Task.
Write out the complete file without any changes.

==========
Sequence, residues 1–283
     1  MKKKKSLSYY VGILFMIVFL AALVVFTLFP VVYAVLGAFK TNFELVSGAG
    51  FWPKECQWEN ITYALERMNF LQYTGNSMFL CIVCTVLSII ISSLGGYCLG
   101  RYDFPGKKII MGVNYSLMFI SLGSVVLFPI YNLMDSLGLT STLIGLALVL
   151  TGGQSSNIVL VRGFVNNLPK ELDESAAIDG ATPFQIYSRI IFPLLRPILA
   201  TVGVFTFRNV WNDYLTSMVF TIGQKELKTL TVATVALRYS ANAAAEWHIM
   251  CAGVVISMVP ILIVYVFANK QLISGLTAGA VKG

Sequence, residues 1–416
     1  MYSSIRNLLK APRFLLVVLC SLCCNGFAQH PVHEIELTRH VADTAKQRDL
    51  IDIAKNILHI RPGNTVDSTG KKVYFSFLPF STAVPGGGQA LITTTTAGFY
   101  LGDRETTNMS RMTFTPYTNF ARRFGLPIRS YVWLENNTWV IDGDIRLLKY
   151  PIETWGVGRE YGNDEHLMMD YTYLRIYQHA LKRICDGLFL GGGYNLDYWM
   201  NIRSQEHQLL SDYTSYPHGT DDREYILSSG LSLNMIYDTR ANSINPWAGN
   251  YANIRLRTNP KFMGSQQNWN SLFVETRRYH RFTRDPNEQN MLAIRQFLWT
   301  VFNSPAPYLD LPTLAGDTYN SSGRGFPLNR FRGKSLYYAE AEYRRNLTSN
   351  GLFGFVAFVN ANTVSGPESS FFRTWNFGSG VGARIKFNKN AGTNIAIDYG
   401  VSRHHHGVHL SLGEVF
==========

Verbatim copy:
Sequence, residues 1–283
     1  MKKKKSLSYY VGILFMIVFL AALVVFTLFP VVYAVLGAFK TNFELVSGAG
    51  FWPKECQWEN ITYALERMNF LQYTGNSMFL CIVCTVLSII ISSLGGYCLG
   101  RYDFPGKKII MGVNYSLMFI SLGSVVLFPI YNLMDSLGLT STLIGLALVL
   151  TGGQSSNIVL VRGFVNNLPK ELDESAAIDG ATPFQIYSRI IFPLLRPILA
   201  TVGVFTFRNV WNDYLTSMVF TIGQKELKTL TVATVALRYS ANAAAEWHIM
   251  CAGVVISMVP ILIVYVFANK QLISGLTAGA VKG

Sequence, residues 1–416
     1  MYSSIRNLLK APRFLLVVLC SLCCNGFAQH PVHEIELTRH VADTAKQRDL
    51  IDIAKNILHI RPGNTVDSTG KKVYFSFLPF STAVPGGGQA LITTTTAGFY
   101  LGDRETTNMS RMTFTPYTNF ARRFGLPIRS YVWLENNTWV IDGDIRLLKY
   151  PIETWGVGRE YGNDEHLMMD YTYLRIYQHA LKRICDGLFL GGGYNLDYWM
   201  NIRSQEHQLL SDYTSYPHGT DDREYILSSG LSLNMIYDTR ANSINPWAGN
   251  YANIRLRTNP KFMGSQQNWN SLFVETRRYH RFTRDPNEQN MLAIRQFLWT
   301  VFNSPAPYLD LPTLAGDTYN SSGRGFPLNR FRGKSLYYAE AEYRRNLTSN
   351  GLFGFVAFVN ANTVSGPESS FFRTWNFGSG VGARIKFNKN AGTNIAIDYG
   401  VSRHHHGVHL SLGEVF